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Maximize Both Tire Sales and Vehicle Service Profits


I have coached thousands of tire dealers on how to increase their service business, but, sometimes, a sharper focus on service can diminish tire sales or change mix percentages.


Is that a bad thing? Absolutely!

Tiremakers, programs, franchisees and tire retailers have all created business, staffing and facility models that worked on paper. Some had 70% tire sales and 30% service models, and others planned for 30% tire sales and 70% service.

Many independent tire dealers just let the mix seek its own level, focusing on the customer’s needs instead of percentages. So, which is correct? What is the best tire/service mix?

The answer: None of the above and all of the above. There is no such thing as a ‘best practice mix.’ Your best mix depends on your specific business, staffing and facility models.


If you planned for a certain tire mix, you had better maintain it or your suppliers may not be able to give you the same discounts and volume rebates. “So what?” you might say, “I make more money on service anyway.”

Not so! If you know what you’re doing, the opportunity to make more money in gross profit per hour on tire sales vs. service is very easy.

For the majority of my 35 years in this industry, I focused on service and had a misguided belief that service was always more profitable. But, when I had the opportunity to work with tire dealers, I saw the error of my ways. The contribution of margin dollars after technician cost per hour will always be higher in tire sales than service sales. The margin percentages might be higher in service, but you pay your bills with dollars, not percentages.


If you want to see my analytical equations on this, send me an e-mail, and I will send them to you.

So, let us get back to the mix. Let’s look at how you can maintain your tire/service mix while still growing your service business.

Creating the Right Model

When a business, staffing and facility model is designed, it is typically created to produce a certain net profit to the owner.

If you don’t work with a tire supplier that has created a business, staffing or facility model to help you, you’ll have to create your own.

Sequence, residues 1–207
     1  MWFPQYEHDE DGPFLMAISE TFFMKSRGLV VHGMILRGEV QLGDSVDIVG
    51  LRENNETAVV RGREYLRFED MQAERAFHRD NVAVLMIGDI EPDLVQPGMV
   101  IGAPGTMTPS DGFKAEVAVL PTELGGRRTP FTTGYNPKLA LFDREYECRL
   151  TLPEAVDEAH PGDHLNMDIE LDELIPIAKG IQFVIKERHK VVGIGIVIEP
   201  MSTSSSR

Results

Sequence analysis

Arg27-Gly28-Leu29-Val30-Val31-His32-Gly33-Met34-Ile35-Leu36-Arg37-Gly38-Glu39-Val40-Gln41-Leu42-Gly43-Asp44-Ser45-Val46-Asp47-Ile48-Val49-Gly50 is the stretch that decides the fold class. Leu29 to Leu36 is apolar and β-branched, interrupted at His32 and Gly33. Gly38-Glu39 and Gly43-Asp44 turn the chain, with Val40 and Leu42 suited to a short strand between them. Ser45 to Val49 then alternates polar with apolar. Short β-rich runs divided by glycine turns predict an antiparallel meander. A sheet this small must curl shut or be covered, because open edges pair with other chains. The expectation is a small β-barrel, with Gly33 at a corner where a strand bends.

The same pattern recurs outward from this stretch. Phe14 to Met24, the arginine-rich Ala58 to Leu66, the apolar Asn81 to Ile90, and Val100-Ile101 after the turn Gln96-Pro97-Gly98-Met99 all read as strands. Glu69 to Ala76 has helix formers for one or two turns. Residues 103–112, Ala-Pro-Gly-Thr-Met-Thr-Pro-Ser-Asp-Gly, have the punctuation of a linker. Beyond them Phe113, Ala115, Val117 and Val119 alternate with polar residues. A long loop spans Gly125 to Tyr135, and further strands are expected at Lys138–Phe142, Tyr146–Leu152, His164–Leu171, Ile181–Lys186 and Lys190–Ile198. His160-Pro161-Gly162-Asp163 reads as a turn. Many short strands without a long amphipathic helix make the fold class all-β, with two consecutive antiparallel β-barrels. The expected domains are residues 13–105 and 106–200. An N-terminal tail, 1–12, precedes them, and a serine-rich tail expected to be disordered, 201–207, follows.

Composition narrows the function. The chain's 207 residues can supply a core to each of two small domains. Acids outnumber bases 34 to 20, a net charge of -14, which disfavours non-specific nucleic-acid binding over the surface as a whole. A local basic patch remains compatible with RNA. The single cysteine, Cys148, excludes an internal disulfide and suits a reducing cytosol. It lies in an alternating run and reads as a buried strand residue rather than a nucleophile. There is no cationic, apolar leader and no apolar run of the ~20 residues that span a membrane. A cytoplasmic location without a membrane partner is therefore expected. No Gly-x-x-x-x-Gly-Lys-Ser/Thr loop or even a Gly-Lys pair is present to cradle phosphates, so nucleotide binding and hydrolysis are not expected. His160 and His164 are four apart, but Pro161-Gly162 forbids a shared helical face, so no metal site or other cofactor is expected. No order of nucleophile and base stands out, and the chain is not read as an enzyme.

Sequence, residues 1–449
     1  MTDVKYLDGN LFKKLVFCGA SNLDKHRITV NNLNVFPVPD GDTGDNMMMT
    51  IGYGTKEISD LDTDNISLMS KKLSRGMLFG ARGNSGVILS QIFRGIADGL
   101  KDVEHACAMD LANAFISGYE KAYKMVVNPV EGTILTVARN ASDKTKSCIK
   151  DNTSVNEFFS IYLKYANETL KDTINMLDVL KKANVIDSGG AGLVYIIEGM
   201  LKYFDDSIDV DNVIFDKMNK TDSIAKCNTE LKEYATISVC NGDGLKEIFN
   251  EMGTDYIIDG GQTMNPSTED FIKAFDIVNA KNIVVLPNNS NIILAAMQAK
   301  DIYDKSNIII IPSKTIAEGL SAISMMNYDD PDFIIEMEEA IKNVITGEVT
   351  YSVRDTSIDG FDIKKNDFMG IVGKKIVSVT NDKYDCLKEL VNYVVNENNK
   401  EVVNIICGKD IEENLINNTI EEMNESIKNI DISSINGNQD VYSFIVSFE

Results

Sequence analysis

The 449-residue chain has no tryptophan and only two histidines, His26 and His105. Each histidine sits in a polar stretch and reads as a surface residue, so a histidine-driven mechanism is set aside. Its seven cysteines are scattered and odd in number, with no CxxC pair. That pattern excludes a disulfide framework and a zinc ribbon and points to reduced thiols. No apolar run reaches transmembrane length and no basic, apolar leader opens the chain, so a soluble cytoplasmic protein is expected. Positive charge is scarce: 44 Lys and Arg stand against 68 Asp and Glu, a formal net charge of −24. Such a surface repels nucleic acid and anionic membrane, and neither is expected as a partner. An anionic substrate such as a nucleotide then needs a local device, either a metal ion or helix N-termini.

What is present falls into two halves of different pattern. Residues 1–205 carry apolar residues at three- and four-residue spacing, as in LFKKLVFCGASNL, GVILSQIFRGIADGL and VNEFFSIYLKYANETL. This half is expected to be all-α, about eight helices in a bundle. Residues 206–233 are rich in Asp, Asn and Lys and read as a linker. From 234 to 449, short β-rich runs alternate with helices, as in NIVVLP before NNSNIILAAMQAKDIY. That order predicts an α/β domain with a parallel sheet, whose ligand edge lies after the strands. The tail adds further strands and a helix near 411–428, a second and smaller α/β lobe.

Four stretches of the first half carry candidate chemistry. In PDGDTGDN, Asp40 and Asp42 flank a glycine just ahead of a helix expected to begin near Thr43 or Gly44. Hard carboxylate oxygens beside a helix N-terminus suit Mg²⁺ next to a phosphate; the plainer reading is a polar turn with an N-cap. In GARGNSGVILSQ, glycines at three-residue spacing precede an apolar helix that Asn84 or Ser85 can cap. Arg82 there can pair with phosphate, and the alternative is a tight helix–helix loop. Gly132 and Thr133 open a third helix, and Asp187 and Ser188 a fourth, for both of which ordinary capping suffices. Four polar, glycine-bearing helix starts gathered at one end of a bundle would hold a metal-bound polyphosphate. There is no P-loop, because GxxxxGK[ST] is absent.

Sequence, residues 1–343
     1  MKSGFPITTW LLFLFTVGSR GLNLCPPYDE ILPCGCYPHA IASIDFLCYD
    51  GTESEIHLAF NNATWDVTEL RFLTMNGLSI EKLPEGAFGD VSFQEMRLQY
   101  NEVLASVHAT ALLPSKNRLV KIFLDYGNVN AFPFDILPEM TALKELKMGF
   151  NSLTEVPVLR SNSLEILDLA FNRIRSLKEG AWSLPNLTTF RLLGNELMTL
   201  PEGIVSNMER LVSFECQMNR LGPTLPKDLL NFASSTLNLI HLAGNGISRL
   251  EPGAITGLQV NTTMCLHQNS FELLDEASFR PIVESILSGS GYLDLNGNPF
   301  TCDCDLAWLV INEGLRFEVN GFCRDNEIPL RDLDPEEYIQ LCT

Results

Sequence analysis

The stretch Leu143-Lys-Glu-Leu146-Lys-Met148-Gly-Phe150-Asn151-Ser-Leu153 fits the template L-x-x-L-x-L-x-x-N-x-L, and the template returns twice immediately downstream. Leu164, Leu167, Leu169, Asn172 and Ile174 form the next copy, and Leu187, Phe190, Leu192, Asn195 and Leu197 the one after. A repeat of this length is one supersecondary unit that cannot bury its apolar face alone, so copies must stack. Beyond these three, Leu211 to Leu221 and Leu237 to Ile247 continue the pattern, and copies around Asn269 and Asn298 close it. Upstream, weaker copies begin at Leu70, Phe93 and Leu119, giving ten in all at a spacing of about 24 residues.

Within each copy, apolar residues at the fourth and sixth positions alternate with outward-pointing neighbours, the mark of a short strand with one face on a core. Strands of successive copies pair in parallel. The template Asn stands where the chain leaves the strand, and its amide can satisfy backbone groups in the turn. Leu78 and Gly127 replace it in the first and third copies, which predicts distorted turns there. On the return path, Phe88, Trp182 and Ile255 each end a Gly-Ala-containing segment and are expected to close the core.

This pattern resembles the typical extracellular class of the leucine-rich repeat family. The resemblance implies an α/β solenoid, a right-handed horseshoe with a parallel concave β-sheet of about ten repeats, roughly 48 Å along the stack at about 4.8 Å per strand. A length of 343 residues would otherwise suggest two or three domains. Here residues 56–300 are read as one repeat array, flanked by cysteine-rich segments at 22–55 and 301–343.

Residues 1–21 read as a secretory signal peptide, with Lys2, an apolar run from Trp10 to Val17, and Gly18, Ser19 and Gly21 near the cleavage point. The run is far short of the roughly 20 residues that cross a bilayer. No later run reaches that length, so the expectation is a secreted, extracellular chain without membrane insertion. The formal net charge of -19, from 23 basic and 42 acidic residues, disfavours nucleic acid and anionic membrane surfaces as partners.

Let’s start with the business model. For this, we must not ignore the fact that cars, trucks and tires are much more reliable and last much longer. As a result, car count will naturally decrease unless you do something to stabilize or increase it. Because they offer more options – tires and tire services, naturally – most tire dealerships have higher car counts than service-only facilities.

If you change your tire/service mix by only focusing on service, tire sales will decrease. This will eventually erode car count, giving you fewer opportunities for service sales. Plus, reduced tire sales will bring an upward adjustment in your tire buying prices. Since you make money on the buy and not the sale, you may kill the goose that lays the golden eggs – tires.


The answer is to focus on both products equally. Separate your tire and service businesses on your profit and loss statement. Both of these segments have very different key performance indicators. If you combine them, you won’t be able to diagnose why you’re not making the money you deserve.

The staffing model is more complicated, since having an A or B service tech change tires will hurt your tire margins. Tire techs should cost approximately 5%-7% of your tire sales; a service tech, loaded with full benefits, should cost no more than 20% of your service sales.

In general, your tire dealership needs tire techs, a good diagnostic A tech, parts changing B techs and general-service technicians to perform simple preventive maintenance. If you want your business to deliver complete car-care service, being able to perform requested work, take on previously declined work, offer 30-point courtesy checks and perform scheduled maintenance are musts.


Consider that an excellent service tech can only service about three to four cars (with an average RO over $300) per day. The key to your success is getting and retaining a service manager that can handle three of these technicians at one time and deal with the associated customers. This ‘team’ will generate $1 million in service sales per year – if everyone does his or her job correctly.

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